2) OR I could trial a new oral medication from Germany called Miltefosine. This horrifically expensive drug comes with a bunch of awful side effects, including sickness so severe that many people simply can not finish the treatment. This option wasn’t guaranteed to work either and had never before been used to treat leishmaniasis from Costa Rica. Furthermore, this medication is only effective against one subspecies of the parasite – the most dangerous subspecies.”
“As it turned out, fate made the decision for me. I was diagnosed as having the dangerous subspecies (one that is prone to infecting the mouth and nose causing disfigurement) and so I was prescribed 4 weeks’ worth of Miltefosine pills.”
Sloths are mysterious animals—people usually only see them sleeping or resting on their trees. It is rare for anyone to witness sloths in the act of mating, and thus there is little information about sloth reproduction.
What there is to know on the topic, however, can be found in the Slothopedia!
How does one tell a male sloth from a female sloth?
Male and female three-fingered sloths can be easily distinguished once they’ve reached sexual maturity, as males have a distinctive orange and black stripe on their backs called a speculum. The speculum fur is shorter and downier and covered with a slick oil that gives the fur in that area rich yellow and orange colors.
Females have a much more subtle stripe on their backs, and may not have any stripe at all. They typically have a dark line surrounded by lighter fur in the same spot as a male would have a speculum.
The exception to this is the endangered three-fingered maned sloth, which does not have a speculum. The sex of maned sloths cannot be determined without an exam. Both sexes have a shaggy black mane around their necks. The appearance of the mane is unique to each individual, and it is not currently obvious if there is any sexual dimorphism in regards to its appearance.
In two-fingered sloths, distinguishing between males and females is notoriously difficult. This has led to some embarrassing mistakes at zoos and rescue centers, where two sloths thought to be of the same sex have been put into the same enclosure, only to produce a newborn baby some months later!
It is not possible to determine the sex of a two-fingered sloth without a very detailed physical examination, as they do not have any external secondary sex characteristics like the three-fingered sloths do.
This kind of exam is only possible under veterinary supervision and generally is also under anesthetic for the safety of the examiner. Two-fingered sloths are more aggressive and slightly faster than three-fingered sloths.
Someone who is experienced in the science of sloth anatomy can clearly sex two-fingered sloths in such an examination, but many institutions lack knowledgeable personnel with the required expertise.
Many animals mate only during certain times of the year. This mating season is related to the length of the days, temperature, latitude, and food availability, among other variables. By only mating during a specific season, the females will give birth at an optimum time of the year to increase their offspring’s chances of survival.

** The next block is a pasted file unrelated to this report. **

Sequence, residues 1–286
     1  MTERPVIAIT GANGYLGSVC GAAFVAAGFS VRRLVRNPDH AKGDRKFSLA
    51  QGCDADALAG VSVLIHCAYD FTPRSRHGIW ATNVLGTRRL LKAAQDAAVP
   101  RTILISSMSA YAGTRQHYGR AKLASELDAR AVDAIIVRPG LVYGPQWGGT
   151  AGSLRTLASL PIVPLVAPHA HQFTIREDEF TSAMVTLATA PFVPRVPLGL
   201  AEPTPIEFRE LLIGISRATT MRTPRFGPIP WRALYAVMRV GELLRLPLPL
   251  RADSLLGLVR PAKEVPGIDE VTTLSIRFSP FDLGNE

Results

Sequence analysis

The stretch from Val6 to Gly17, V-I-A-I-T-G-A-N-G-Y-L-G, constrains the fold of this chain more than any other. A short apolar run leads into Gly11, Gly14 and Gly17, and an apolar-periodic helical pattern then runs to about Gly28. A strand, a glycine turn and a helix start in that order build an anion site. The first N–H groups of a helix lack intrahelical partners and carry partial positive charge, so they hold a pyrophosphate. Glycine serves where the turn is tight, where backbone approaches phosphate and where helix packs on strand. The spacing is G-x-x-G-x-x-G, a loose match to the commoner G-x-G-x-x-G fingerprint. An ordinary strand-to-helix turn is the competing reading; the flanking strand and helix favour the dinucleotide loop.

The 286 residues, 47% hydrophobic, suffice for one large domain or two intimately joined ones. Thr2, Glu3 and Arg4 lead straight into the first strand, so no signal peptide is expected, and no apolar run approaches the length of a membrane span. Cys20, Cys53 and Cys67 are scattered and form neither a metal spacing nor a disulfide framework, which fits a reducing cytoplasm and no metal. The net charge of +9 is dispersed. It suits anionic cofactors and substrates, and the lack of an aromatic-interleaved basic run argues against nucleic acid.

There are mixed reports as to whether sloths have a mating season. In areas where the climate is favorable year-round, females come into estrus monthly. However, in regions with distinct dry and wet seasons, the sloths may have their fertile periods such that the birth of their young coincides with the most favorable conditions.
Very little research has been done on the topic as it relates to sloths. Researchers suspect the mating seasons of sloths differ depending on the region—Central and South America have several microclimates which make mating seasons hard to determine.
In the South Caribbean of Costa Rica, sloths mate all year round and do not follow distinct seasons. In areas with more extreme seasonal changes, researchers have reported some breeding patterns, but these have yet to be fully investigated.
How to find a mate
A female three-fingered sloth will enter estrus once a month for approximately seven days. During this time her activity levels will increase by about 200% (that’s a lot for a sloth!) and she will emit high-pitched vocalizations to attract the attention of nearby males.
These vocalizations, or “screams”, sound like bird calls or shrill whistles. She will do this for eight to ten days every single month, with the vocalizations increasing in frequency until she is screaming every 10 to 15 minutes.
The male three-fingered sloths get very excited when they hear this call and will go in search of the female making it.
Two-fingered sloths don’t vocalize; instead, they secrete pheromones from their genital glands, which they rub all over trees and branches for potential mates to follow.
Some researchers observe that females will come down to go to the toilet every day while in heat. It is thought that this is to do with pheromone secretion and her feces will advertise her status to males in the area.
Once a female sloth is in heat she will wait for the males to come to her. All male sloths in the area will move through the canopy towards the female, and if more than one male responds, they will fight over mating rights.